‘Just as good as the dream:’ Cooper Rush waited a long time for his magic moment with Cowboys

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As a backup quarterback for four seasons, Cooper Rush had gone through the motions more times than he could count. Except, he actually had counted.

“I’ve counted the games where I’ve dressed and prepared and didn’t get in,” Rush told reporters after Sunday night’s 20-16 Dallas win. “It was up around 50, I think. You just knew it was coming; had to be patient. I think all that preparation, being in it still- even though you haven’t started- really helped, came through tonight, making plays and stuff like that.”

Making plays and stuff like that.

Rush did plenty of “stuff like that” at U.S. Bank Stadium, throwing for 325 yards and a pair of touchdowns- including the game-winner with under a minute to play- on the road in a challenging environment and in front of a primetime audience.

The Central Michigan product made his first start as a late-replacement for Dak Prescott, but it was practically Rush’s first everything. Despite a career stat line of just 1-of-3 for 2 yards coming into the Week 8 tilt, the 27-year-old looked like anything but a wide-eyed newbie as he led the 6-1 Cowboys against a stout Minnesota defense.

“I felt like I belonged out there,” Rush said. “You’re in the huddle, breaking huddle, getting to the line, going through your processes, it didn’t feel overwhelming at all. I haven’t played a lot, but being around the NFL, you’re practicing everyday against those guys- and our defense is pretty good; real good players- you’re going against those guys every day. It’s not like you’re not seeing things. So it never felt too big in terms of speed. I felt, like, in command. Playing with those guys I get to play with out there, just go down the list: O-line, running back, receiver. It makes my job a lot easier.”

It wasn’t easy, to be sure. Rush struggled at times with accuracy, and he threw two interceptions. As a team, the Cowboys found themselves trailing or tied for the first 59 minutes of regulation. But through it all, Rush never seemed shaken, said the man he was filling in for.

“I don’t think there was ever a moment, necessarily, I felt like he was too high or nervous or rattled,” said Prescott, who was ruled inactive just before kickoff in order to give his strained calf more time to heal. “That’s Coop. He’s very mild tempered and just always that way – never too high, never too low. It showed tonight; just allowed him to be able to stay in there, stick to it, stick through some bad plays and come out and make some great plays to win the game that we needed down there in the fourth quarter.”

“It was obviously special,” Rush said of Prescott’s encouragement and support, especially late in the game. “We’ve been together for a long time. A lot of games where it was the other way around: he’s making plays at the end, and I get to watch those. It was fun for me to get a chance to go do it and have his full support.”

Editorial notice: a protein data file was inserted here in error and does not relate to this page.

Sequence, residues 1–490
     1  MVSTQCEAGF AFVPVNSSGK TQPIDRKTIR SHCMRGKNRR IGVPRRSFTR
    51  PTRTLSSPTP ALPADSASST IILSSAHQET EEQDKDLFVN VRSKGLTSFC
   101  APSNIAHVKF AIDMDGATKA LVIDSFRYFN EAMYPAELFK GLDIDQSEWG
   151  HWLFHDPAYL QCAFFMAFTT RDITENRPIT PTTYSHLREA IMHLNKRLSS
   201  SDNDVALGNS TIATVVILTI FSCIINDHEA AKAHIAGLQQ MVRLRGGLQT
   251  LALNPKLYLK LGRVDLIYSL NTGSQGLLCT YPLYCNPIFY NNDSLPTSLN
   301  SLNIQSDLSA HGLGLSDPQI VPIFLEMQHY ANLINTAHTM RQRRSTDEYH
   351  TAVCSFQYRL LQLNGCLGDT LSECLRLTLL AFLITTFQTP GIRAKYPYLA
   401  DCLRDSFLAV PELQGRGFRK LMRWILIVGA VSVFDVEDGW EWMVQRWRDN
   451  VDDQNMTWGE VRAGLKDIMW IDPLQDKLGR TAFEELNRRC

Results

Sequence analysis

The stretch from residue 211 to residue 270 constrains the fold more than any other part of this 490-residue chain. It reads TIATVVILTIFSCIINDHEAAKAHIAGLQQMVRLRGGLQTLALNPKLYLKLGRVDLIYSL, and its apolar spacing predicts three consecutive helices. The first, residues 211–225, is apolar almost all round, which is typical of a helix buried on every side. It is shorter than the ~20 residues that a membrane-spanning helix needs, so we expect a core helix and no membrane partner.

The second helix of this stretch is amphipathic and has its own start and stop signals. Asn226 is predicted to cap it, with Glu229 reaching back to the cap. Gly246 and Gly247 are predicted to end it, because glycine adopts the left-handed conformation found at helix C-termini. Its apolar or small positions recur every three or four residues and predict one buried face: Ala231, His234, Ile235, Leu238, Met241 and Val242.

The Cowboys’ final drive indeed proved to be Rush’s Cinderella moment. The former Chippewa went to wideout Amari Cooper three times on the eight-play series for 56 yards, including the go-ahead touchdown in the back corner of the end zone.

“Coop has an arm,” Cooper the receiver said of Cooper the quarterback after the game. “The thing about Coop, he’s going to give you a chance. He’s always going to give you a chance. That’s why I was rushing back in on when I knew we were, like, five yards away from the end zone. I figured we would be throwing some type of fade. So I was rushing back in there, because I know the thing about Coop, he’s going to throw it.”

Cooper admitted that he doesn’t normally get many practice reps with Rush.

“Not a lot,” he laughed. “Not a lot at all.”

It sure didn’t look like there was any unfamiliarity between the two. The Cooper-to-Cooper combo connected eight times on the night for 122 yards, the wideout’s highest yardage total since Week 4 last season.

That very same day in October 2020, Rush was literally watching games on his couch, having just been released by the Giants. After three seasons in Dallas, Rush had been let go with the signing of Andy Dalton. He spent the first three weeks of the season on the New York practice squad before being cut.

He was re-signed to the Cowboys practice squad as a insurance policy for Prescott on Halloween of 2020. And exactly one year later, he’d make his first start for Dallas against the Vikings.

But the fairy tale has a happy ending because it ended with a real-life game-winning touchdown tossed by the guy who’d only ever imagined it a million times.

“A lot of mental reps,” Rush recounted. “They always talk about mental reps, and they came through. We’re doing it in preseason, we’re doing it in camps, and those come through. You watch a lot of ball; I think that helped a lot… been in a league a little bit, around it. To get to go out there with that group… Trust in those guys, run the system, play within the system, trust [offensive coordinator] Kellen [Moore], and it usually works out.”

Rush’s storybook night may not get a sequel. But even if Prescott’s calf allows him to resume his spot on the field and relegates Rush back to the headset, the backup will never again have to dress out for a game and merely wonder if he’d have the stuff to go in and win one.

“It’s just as good as the dream. It’s pretty awesome to be able to share that with everyone and be able to win like that.”

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